Every programming language has functions. You make 'em, you call 'em, you yell at them, and more. These properties are reminiscent of children in our physical world; and like children they are little bags of potential that can change your world.
Functions make things easy in programming. This is a rare and wonderful thing when it comes to a field that largely results in one scratching their head and pondering when trying to solve a problem. Think of them as mallaeble legos you can form into the strangest of things for whatever unique purpose you need. But, like having children, sometimes it is not the best call to declare a function out of nowhere. We won't get too far into the specific use-cases here. This is to be a guide on syntax, not best practice (that comes when we're pro as shit later).
Defining a FUNction
Functions are very easy to define and work with in Clojure. Since it is a functional programming language, its a damn good thing they did this or we would be having a bad time. However, with great power comes great responsibility. And one of Clojure's many powers is there are a LOT of different means to go about defining functions. We got defn's, we got let's, we got regular ole def's too. We'll begin our evaluation with a simple def, much like we referenced in the earlier chapter "A Loose Introduction".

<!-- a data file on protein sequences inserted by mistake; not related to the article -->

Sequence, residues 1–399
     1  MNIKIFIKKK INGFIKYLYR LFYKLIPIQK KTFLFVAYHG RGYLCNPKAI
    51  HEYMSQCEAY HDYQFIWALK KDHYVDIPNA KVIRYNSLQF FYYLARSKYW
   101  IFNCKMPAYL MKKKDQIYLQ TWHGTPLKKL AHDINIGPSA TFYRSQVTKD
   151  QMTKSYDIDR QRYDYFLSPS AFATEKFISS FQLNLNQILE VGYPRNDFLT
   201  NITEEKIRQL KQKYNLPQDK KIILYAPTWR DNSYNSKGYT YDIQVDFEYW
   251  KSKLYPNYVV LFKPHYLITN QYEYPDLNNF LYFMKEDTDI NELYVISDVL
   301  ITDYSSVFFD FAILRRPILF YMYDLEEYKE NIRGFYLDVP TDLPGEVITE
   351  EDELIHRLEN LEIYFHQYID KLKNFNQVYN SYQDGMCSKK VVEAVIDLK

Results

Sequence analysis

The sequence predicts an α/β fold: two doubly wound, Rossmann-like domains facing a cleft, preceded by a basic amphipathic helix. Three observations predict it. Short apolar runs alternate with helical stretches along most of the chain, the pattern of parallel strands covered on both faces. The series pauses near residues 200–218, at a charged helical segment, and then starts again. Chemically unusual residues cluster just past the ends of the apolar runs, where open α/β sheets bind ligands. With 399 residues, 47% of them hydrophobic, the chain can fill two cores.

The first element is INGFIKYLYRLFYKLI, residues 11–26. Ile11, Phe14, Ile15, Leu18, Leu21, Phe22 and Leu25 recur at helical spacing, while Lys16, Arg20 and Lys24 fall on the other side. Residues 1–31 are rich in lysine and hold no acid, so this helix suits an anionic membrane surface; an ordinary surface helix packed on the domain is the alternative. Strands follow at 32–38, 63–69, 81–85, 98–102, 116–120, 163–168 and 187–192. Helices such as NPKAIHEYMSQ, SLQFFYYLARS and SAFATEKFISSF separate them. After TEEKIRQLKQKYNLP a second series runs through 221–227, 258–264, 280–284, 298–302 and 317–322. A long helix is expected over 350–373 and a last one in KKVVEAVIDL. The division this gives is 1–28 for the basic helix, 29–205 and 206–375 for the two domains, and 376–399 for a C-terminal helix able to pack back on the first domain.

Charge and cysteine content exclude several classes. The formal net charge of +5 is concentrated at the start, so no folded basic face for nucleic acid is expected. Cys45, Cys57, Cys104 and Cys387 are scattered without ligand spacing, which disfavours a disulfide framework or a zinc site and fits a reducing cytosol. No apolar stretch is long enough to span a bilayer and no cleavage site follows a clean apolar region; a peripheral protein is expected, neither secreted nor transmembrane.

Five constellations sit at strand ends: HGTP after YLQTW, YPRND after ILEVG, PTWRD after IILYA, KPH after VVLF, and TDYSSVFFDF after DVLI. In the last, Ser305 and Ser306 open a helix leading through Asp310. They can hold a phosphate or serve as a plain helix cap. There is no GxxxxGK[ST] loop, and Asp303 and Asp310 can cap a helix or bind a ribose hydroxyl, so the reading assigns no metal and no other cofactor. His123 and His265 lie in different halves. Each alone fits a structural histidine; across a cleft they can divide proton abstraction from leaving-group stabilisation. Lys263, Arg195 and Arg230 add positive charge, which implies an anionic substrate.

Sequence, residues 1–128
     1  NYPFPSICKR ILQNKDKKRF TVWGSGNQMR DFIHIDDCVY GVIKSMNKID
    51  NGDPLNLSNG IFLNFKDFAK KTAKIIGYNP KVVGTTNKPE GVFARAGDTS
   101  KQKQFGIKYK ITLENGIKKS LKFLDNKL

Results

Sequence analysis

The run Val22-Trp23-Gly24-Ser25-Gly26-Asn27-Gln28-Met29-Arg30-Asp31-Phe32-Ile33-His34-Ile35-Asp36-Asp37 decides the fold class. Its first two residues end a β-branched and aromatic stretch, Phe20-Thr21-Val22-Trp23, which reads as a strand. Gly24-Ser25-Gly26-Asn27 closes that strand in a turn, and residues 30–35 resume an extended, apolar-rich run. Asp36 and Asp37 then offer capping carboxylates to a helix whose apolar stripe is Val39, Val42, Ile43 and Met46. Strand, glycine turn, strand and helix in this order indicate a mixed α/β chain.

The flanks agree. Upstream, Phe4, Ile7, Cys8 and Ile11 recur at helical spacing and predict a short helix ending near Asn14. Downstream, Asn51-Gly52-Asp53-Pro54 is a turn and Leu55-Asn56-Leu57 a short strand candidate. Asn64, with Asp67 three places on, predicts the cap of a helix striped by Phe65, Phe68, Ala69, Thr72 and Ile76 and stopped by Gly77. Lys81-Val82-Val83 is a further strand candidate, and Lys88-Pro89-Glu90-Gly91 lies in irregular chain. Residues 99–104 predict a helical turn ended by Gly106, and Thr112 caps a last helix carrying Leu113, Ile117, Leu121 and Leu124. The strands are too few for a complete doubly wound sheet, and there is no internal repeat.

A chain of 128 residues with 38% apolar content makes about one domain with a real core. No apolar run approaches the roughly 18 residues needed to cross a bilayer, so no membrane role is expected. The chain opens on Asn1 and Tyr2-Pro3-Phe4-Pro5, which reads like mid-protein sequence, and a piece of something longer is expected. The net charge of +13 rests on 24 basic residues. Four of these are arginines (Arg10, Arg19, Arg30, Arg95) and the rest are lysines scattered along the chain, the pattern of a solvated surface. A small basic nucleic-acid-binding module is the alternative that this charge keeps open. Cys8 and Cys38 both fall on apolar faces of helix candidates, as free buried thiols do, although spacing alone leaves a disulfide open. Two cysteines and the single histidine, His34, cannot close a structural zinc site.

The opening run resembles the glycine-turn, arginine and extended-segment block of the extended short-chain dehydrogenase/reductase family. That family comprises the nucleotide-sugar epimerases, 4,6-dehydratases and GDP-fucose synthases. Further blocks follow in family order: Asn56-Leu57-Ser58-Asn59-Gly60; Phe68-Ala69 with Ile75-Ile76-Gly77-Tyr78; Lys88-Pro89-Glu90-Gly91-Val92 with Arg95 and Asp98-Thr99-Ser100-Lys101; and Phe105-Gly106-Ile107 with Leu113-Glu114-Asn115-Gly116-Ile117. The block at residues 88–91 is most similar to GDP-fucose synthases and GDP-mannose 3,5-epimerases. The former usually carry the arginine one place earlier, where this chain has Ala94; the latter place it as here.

(def remove_pants [statement] (str statement "and then I took off my pants"))
Now, that line should make you cringe if you're not a masochist. It looks horrible. So since Clojure doesn't care about whitespace and linebreaks let's clean that bad boy up.
(def remove_pants [statement] (str statement "and then I took off my pants))
Now that looks nice and friendly. We can now stop and remove our pants whenever we damned well please! It's just like the first time you got your own crashpad, and it is glorious.